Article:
--Robert M. Philmus

I cannot claim to have known Dale well but we did meet on a number of occasions, and over a period of twenty-seven years we intermittently corresponded and telephoned one another about matters related to Science-Fiction Studies. Our exchanges were always most cordial and positive. I was saddened to hear of his sudden death.

One of my meetings with Dale was in October 1972 in Des Moines, Iowa. It was at the third (and last) Secondary Universe Conference (henceforth, with the formation at that conference of the Science Fiction Research Association, it would be known as the annual SFRA Conference) and Science-Fiction Studies was then a glint in Dale's eye. I recall sitting with Dale over lunch or a drink (I'm not sure which) and listening to his argument that Tom Clareson's Extrapolation need not be the only game in town. There was room for another rigorous--perhaps more rigorous--academic journal devoted to sf. He mentioned Studies in Science Fiction as a possible title. I remember pointing out that such a title would share an acronym with Studies in Short Fiction; perhaps Science-Fiction Studies would be the best solution?

In February this year, Dale and I chatted for what, it is now apparent, was the last time. He had telephoned me and at the time I was still a little preoccupied by the fact that, during the catastrophic ice storm of the previous month, I had slipped on an ungritted, level, iced pavement and sprained my wrist. It's one of the perils of living through a Montreal winter. It took over thirty years for that routine accident to befall me, but much the same thing happened to the unlucky Dale during what, for all I know, was his first visit to Montreal. It was 1971 and Dale was attending a conference on H.G. Wells that Darko Suvin, then Dale's co-editor of SFS, had organized at McGill University. That was when I first met Dale. His contribution to the conference--a representative example of his solid scholarship--is preserved in the conference volume that Darko Suvin and Robert Philmus co-edited, H.G. Wells and Modern Science Fiction (1977). One evening after that conference day, Dale, Darko, and I (and perhaps others) were walking down a sloping, icy street. Dale, a big man, slipped and, although he made light of it at the time (to the best of my knowledge he never did burden anyone with his problems), he had in fact broken his ankle. I reminded Dale of this accident during our telephone conversation because of the common ground of my much less serious accident, one from which I seem now to have completely recovered. Dale, however, did not make so complete a recovery. He told me, characteristically without complaint, that he had suffered twinges ever since.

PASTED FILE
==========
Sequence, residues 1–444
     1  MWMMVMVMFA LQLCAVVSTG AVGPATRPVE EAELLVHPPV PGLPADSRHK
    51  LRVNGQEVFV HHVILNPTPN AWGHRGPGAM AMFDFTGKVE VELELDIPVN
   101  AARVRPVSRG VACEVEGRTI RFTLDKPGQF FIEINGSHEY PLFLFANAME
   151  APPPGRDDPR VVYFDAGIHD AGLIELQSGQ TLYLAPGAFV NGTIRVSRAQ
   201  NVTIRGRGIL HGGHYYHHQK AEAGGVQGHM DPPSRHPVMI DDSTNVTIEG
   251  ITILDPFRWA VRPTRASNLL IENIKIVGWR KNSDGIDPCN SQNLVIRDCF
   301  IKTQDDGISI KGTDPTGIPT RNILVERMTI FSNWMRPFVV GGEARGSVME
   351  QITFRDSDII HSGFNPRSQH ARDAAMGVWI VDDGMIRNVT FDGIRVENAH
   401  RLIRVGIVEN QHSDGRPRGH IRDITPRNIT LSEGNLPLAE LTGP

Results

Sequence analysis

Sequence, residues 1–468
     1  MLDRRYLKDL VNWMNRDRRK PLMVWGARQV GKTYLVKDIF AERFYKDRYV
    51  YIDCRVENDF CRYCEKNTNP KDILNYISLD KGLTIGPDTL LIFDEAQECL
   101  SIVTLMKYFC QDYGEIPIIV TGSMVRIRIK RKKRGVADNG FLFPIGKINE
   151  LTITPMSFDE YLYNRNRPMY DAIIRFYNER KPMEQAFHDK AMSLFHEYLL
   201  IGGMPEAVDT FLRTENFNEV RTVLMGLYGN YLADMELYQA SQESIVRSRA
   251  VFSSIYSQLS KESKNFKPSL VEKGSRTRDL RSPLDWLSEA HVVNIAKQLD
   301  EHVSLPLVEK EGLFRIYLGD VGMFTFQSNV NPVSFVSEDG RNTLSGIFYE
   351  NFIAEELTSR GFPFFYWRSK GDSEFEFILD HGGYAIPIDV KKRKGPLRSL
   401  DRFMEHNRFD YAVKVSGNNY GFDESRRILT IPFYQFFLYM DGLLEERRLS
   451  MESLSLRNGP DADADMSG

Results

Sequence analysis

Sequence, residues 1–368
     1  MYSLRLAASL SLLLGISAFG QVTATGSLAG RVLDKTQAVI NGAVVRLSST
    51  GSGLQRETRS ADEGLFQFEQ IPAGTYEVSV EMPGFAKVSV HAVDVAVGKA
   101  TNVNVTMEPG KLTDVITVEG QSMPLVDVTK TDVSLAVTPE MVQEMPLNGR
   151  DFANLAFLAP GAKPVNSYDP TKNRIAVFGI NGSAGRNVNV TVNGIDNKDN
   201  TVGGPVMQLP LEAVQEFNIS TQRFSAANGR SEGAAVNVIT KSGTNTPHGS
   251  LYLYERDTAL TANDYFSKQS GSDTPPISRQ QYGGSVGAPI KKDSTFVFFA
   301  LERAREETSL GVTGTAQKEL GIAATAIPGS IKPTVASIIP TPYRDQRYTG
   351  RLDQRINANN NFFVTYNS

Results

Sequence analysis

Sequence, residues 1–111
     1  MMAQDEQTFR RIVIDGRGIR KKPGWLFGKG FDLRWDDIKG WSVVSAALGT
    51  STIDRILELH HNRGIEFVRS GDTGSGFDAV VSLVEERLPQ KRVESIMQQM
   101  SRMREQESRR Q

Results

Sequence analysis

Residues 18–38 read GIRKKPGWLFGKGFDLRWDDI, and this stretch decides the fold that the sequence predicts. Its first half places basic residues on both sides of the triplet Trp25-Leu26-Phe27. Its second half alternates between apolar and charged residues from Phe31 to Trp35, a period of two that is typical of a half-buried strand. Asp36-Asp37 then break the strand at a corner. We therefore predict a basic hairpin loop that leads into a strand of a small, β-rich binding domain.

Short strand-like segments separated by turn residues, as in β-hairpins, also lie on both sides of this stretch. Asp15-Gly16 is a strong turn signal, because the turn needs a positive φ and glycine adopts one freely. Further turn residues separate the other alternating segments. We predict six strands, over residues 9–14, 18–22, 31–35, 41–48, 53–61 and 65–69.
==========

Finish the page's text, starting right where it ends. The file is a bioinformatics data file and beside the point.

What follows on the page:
Dale was not a young man when he had that accident; he was more or less the age that I am this year. Science-Fiction Studies, now his legacy, was the creation of his later middle age. Since my last publication in SFS--one accepted by Dale who claimed to have liked it--was a note on Hillyer, hills, slants, and slopes in The Time Machine, I cannot help but relate that note, which is about the hill shape described by the rise and fall of life and human history, to the sloping street in Montreal and to Dale's death in August. At age 56, what is to me most inspiring about Dale's life are the sterling accomplishments of the downward slope of his later years--his foundation of SFS and his late taking-up again of SFS as an editor.

But that is not all. Dale was a low-key, modest, dogged, insightful, and courageous man. I never heard anyone speak ill of him. He was a true gentleman. He was a fine editor and a careful and judicious scholar. He was also a pillar of integrity. I, for one, shall miss him.

--David Ketterer

In my usual manner of postponing until late in life what most people do as adolescents (Asimov's "Golden Age"), I happen to have been reading the older Dumas this summer as I learned sadly of Dale Mullen's final illness and death. So now that we must face the reality of his passing, I am reminded of the immense, almost Romantic, fecundity of his life. It occurs to me that there must be a common Victorian origin shared by benevolent individuals from Christians to Marxists that proclaims the truth of the old adage, "To whom much is given much is expected." Dale probably had a darker, more competitive side to his nature; but the face he always showed to me and that shown through all the collaborative work, the "collective," of SFS was the generous face of the reformer determined to shine down his light on the seedtime of a better world. He encouraged me. He helped me in my work, almost anonymously, as he did for countless would-be writers on sf. In the images of Dumas, Dale was a big man, wealthy in mysterious ways, and above all he was generous. He organized his own group of "musketeers" to defend the honor of his sovereign sf and inspired in them the collaborative spirit of "all for one, one for all." Indeed, there certainly was something wounded, Byronic, and grand about Dale that has left us all richer. And I am equally certain that if he could write more backmatter for SFS, he would both scoff at my excessive romanticism and correct the imprecision of my history of ideas about his life. So Dale Mullen has left us late in this cynical century in the Byronic manner, richer for his reforms and marveling at the generosity of nature.

--D.M. Hassler